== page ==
A Distributed Three-hop Routing Protocol to Increase the Capacity of Hybrid Wireless Networks

A Distributed Three-hop Routing Protocol to Increase the Capacity of Hybrid Wireless Networks

A Distributed Three-hop Routing Protocol to Increase the Capacity of Hybrid Wireless Networks

Hybrid wireless networks combining the advantages of both mobile ad-hoc networks and infrastructure wireless networks have been receiving increased attention due to their ultra-high performance. An efficient data routing protocol is important in such networks for high network capacity and scalability. However, most routing protocols for these networks simply combine the ad-hoc transmission mode with the cellular transmission mode, which inherits the drawbacks of ad-hoc transmission. This paper presents a Distributed Three-hop Routing protocol (DTR) for hybrid wireless networks. To take full advantage of the widespread base stations, DTR divides a message data stream into segments and transmits the segments in a distributed manner. It makes full spatial reuse of a system via its high speed ad-hoc interface and alleviates mobile gateway congestion via its cellular interface. Furthermore, sending segments to a number of base stations simultaneously increases throughput and makes full use of widespread base stations. In addition, DTR significantly reduces overhead due to short path lengths and the elimination of route discovery and maintenance. DTR also has a congestion control algorithm to avoid overloading base stations. Theoretical analysis and simulation results show the
superiority of DTR in comparison with other routing protocols in terms of throughput capacity, scalability and mobility resilience. The results also show the effectiveness of the congestion control algorithm in balancing the load between base stations.


  • Dousse et al. built a Poisson Boolean model to study how a BS increases the capacity of a MANET.
  • Lin et al. proposed a Multihop Cellular Network and derived its throughput.
  • Hsieh et al. investigated a hybrid network architecture with both a distributed coordination function and a point coordination function.
  • Luo et al. proposed a unified cellular and ad-hoc network architecture for wireless communication.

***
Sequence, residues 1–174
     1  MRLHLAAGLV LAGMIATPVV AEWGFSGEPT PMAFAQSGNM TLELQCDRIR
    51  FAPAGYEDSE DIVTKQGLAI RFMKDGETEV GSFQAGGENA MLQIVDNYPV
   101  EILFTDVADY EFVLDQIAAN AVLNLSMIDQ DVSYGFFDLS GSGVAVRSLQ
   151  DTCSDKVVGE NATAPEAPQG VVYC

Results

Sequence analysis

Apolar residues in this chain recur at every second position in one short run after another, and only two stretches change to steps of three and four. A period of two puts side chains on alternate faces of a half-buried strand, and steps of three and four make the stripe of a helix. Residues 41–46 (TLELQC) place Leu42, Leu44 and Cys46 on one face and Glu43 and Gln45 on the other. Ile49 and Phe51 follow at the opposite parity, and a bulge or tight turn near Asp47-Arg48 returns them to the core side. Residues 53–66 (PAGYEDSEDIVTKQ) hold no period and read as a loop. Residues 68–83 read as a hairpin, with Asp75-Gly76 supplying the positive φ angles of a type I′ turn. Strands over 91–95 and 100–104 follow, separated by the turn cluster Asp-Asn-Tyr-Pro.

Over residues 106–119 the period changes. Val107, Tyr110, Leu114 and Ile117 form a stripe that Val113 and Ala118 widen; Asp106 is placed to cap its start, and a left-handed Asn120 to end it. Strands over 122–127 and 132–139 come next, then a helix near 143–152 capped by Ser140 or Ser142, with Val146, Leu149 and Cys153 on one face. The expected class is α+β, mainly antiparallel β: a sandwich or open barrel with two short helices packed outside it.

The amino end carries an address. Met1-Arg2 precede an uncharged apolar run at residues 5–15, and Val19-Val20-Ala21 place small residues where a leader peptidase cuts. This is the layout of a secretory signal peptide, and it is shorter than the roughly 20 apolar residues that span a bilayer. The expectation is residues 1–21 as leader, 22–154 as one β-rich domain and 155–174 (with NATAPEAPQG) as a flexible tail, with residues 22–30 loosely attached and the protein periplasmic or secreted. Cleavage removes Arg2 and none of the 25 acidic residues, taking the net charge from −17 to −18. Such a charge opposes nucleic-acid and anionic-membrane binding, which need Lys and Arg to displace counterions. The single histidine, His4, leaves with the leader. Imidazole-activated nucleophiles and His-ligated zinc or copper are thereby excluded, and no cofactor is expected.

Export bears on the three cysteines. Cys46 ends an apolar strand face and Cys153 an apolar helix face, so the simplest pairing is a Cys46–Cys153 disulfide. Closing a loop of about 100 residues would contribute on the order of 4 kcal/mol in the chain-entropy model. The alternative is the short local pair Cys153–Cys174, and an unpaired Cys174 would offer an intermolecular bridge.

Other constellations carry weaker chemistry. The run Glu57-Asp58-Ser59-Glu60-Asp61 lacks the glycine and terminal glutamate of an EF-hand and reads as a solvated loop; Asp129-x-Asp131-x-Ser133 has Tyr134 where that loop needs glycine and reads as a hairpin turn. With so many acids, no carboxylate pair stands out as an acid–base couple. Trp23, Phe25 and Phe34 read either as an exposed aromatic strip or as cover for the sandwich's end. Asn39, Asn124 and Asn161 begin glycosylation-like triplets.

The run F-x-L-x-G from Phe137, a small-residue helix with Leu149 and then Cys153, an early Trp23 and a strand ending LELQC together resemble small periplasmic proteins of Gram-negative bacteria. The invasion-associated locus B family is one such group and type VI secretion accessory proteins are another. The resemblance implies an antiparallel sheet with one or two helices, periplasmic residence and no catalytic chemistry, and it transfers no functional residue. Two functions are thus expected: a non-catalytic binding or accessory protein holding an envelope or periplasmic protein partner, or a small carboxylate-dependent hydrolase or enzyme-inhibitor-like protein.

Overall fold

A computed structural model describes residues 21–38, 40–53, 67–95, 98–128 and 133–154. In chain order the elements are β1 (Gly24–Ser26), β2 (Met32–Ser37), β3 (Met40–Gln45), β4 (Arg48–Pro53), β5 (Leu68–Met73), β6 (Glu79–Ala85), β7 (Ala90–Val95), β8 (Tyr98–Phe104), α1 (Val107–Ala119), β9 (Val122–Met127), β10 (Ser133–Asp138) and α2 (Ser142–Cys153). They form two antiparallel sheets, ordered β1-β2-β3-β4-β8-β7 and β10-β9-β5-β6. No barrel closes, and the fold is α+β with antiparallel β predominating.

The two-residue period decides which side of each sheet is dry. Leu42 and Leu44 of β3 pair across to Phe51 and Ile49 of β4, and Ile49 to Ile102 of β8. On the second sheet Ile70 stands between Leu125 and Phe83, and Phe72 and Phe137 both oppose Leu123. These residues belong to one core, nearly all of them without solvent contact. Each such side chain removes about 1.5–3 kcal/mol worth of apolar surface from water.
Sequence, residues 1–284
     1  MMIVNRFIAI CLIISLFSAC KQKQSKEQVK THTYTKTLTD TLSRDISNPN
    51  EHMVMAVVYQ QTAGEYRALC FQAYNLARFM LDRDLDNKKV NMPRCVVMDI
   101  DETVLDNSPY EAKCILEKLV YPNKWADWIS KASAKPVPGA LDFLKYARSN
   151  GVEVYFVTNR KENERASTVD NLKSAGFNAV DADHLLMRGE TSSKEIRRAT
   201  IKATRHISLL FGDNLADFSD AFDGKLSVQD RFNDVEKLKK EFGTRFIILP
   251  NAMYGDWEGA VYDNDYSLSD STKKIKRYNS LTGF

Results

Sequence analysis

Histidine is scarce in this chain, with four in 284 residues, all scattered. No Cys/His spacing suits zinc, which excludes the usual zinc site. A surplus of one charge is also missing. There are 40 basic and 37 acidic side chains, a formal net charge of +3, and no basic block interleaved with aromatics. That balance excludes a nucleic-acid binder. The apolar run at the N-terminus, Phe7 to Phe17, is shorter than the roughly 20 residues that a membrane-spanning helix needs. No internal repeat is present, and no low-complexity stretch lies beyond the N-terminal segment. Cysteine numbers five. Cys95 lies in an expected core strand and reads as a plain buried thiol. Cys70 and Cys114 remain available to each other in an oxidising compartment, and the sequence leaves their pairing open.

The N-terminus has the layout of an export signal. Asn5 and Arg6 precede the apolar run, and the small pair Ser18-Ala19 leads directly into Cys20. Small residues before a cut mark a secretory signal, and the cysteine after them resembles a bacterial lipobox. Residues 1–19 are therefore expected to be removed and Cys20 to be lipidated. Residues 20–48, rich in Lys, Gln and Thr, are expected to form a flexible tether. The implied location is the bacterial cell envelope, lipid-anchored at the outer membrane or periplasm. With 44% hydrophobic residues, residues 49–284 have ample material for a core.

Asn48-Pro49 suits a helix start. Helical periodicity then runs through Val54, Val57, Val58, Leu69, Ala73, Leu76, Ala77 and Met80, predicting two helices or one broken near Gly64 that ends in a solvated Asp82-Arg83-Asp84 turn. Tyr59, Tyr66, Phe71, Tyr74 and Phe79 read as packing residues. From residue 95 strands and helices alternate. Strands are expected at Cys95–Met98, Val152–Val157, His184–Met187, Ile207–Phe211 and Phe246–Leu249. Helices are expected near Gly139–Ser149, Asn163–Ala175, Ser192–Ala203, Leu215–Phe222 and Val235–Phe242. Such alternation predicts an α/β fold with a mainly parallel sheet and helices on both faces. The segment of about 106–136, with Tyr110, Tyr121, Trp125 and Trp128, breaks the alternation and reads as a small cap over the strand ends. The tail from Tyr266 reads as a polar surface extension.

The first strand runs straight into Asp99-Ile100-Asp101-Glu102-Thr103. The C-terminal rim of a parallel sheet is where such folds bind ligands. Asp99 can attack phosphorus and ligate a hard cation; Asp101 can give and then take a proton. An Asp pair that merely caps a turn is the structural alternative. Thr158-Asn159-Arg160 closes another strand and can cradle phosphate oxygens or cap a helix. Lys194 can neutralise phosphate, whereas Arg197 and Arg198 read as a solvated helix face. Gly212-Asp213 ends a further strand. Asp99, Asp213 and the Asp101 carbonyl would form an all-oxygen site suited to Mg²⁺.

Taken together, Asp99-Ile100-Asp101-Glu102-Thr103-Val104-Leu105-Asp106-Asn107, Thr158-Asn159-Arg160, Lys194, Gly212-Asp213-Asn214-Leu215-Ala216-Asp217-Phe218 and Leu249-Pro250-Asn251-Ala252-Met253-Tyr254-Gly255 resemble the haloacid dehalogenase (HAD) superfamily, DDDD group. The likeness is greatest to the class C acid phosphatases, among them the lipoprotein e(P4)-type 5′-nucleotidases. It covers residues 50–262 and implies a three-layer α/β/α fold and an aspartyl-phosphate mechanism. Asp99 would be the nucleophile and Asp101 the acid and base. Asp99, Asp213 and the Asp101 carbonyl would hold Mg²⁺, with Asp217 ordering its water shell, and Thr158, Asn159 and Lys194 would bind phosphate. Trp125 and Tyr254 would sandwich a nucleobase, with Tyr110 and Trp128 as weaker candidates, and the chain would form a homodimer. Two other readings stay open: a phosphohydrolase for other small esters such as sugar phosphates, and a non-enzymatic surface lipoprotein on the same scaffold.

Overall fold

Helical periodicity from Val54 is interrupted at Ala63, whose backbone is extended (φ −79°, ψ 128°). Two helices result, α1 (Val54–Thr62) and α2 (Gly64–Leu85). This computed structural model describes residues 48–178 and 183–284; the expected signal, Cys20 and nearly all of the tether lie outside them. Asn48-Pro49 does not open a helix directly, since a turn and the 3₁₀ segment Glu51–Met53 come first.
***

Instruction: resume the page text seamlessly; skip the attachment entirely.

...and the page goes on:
• Cho et al. studied the impact of concurrent transmission in a downlink direction on the system capacity of a hybrid wireless network.
  • In Two-hop, when a node’s bandwidth to a BS is larger than that of each neighbor, it directly sends a message to the BS. Otherwise, it chooses a neighbor with a higher channel and sends a message to it, which further forwards the message to the BS.
  • Wu et al. proposed using ad-hoc relay stations to dynamically relay traffic from one cell to another in order to avoid traffic congestion in BSes.
  • Li et al. surveyed a number of multi-hop cellular network (MCN) architectures in literature, and compared and discussed methods to reduce the cost of deployment for MCNs.
  • Thulasiraman et al. further considered the wireless interference in optimizing the resource allocation in hybrid wireless networks.
  • Liu et al. theoretically studied the capacity of hybrid wireless networks under an one-dimensional network topology and a two dimensional strip topology.
  • Wang et al. studied the multicast throughput of hybrid wireless networks and designed an optimal multicast strategy based on deduced throughput.


  • Two-hop only considers the node transmission within a single cell, while DTR can also deal with inter-cell transmission, which is more challenging and more common than intra-cell communication in the real world.
  • Two-hop employs single-path transmission.







  • A source node divides a message stream into a number of segments.
  • Each segment is sent to a neighbor mobile node.
  • Based on the QoS requirement, these mobile relay nodes choose between direct transmission or relay transmission to the BS.
  • In relay transmission, a segment is forwarded to another mobile node with higher capacity to a BS than the current node.
  • In direct transmission, a segment is directly forwarded to a BS.
  • The number of routing hops in DTR is confined to three, including at most two hops in the ad-hoc transmission mode and one hop in the cellular transmission mode.


  • The first hop forwarding distributes the segments of a message in different directions to fully utilize the resources, and the possible second hop forwarding ensures the high capacity of the forwarder.
  • DTR also has a congestion control algorithm to balance the traffic load between the nearby BSes in order to avoid traffic congestion at BSes.
  • DTR uses distributed transmission involving multiple cells, which makes full use of system resources and dynamically balances the traffic load between neighboring cells.
  • SOFTWARE SPECIFICATIONProgramming Language  : JDK 1.5 or higherDatabase  : MySQL 5.0

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